The Clean Air Auction, held on April 4 in the middle of Sotheby’s eight-day Hong Kong Spring Sales 2011, was the first of its kind, said Joanne Ooi, chief executive officer of the advocacy group Clean Air Network.
“This was a great opportunity to use a high-profile art event to educate people about how Hong Kong pollution is affecting our health,” said Ooi.
Hong Kong posted the highest levels of roadside pollution last year since the city started collecting readings in 1999, triggering government health warnings at least 12.6 percent of the time, according to Bloomberg calculations based on government data. Business leaders including the General Chamber of Commerce have said pollution is harming the city’s ability to recruit top executives.
About 25 percent of respondents to a survey published in December said smog has led them to consider leaving the city because of concerns over their health.
“I’ve been in Hong Kong since 1994 and seen Hong Kong go from blue skies to grey,” said Bobby Mohseni, director of art consultant MFA Asia Ltd., who paid HK$30,000 for a series of four silk embroideries on linen depicting decomposing plastic bottles, bags and paper. “We really need to take action.”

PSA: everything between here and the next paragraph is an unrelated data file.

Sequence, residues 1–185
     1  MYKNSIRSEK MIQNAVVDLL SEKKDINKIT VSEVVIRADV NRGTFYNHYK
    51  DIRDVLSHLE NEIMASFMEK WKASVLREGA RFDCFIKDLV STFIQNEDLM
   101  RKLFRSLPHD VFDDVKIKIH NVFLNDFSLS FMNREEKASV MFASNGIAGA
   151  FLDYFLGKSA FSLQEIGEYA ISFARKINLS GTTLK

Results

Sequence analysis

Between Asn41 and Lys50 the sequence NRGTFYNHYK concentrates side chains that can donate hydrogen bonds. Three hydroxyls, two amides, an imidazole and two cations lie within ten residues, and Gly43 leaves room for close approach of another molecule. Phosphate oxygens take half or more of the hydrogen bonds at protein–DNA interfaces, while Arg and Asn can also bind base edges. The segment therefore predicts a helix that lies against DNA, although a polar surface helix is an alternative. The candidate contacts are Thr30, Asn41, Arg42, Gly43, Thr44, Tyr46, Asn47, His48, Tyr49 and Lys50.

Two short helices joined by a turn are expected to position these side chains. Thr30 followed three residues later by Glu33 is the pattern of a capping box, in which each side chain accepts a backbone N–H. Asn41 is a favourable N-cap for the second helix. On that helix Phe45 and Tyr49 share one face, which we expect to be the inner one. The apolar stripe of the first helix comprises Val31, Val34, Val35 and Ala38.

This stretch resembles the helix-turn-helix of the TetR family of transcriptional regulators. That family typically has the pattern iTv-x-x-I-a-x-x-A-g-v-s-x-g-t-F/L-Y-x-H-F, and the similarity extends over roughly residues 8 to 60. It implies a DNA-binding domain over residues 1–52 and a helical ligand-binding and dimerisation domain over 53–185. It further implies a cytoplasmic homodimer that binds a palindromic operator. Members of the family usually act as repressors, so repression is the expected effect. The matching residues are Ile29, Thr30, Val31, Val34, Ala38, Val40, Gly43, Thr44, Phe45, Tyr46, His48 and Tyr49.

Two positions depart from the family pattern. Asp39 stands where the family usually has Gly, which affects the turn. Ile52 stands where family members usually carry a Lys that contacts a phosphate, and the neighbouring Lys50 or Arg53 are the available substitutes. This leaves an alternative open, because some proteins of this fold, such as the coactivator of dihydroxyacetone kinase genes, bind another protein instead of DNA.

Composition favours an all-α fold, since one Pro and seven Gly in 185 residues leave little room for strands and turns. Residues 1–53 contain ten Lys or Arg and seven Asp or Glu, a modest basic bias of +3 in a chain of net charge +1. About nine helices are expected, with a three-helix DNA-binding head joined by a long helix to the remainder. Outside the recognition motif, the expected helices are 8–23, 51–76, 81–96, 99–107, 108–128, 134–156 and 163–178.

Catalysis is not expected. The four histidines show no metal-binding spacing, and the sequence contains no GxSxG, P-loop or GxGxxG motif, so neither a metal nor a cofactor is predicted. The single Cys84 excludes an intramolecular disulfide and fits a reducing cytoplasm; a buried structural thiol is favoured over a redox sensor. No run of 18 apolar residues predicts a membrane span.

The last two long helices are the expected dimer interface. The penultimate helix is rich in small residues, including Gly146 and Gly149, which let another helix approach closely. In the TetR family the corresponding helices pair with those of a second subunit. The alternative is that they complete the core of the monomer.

Among other items, a pair of diseased lungs made of fiberglass, rice and car paint sold for $140,000.
The funds raised through the sale of the 42 lots will be used to support the group’s research programs and activities to educate and mobilize the public about the health impact of air pollution, Ooi said.
“We’re not just concerned with selling art, we care about the environment,” Kevin Ching, chief executive officer of Sotheby’s Asia, said at the auction. “Looking out from our office we see massive grayness, which is quite depressing.”
Sotheby’s spring auctions in Hong Kong, which continue through April 8, include fine wines, Chinese contemporary art sales, traditional Chinese paintings, antiques, jewelry, watches and ceramics. The highlights are two private European collections: the Ullens sale on April 3, and the Meiyintang sale of ceramics, including an 18th-century Qing vase estimated at more than $23 million, on April 7.
Sotheby’s raised HK$648 million ($83 million) with fees yesterday on fine art, beating a hammer-price estimate of HK$150 million.
The top lot, “Spring Mountains in Sichuan” by Zhang Daqian, fetched HK$64.5 million, more than three times its estimate.
The HK$182 million sale of contemporary Asian art set a record for Zhang Xiaogang’s “Bloodline” series, at the equivalent of $7.2 million.
To contact the reporter on this story: Frederik Balfour in Hong Kong at firstname.lastname@example.org
To contact the editors responsible for this story: Mark Beech at email@example.com.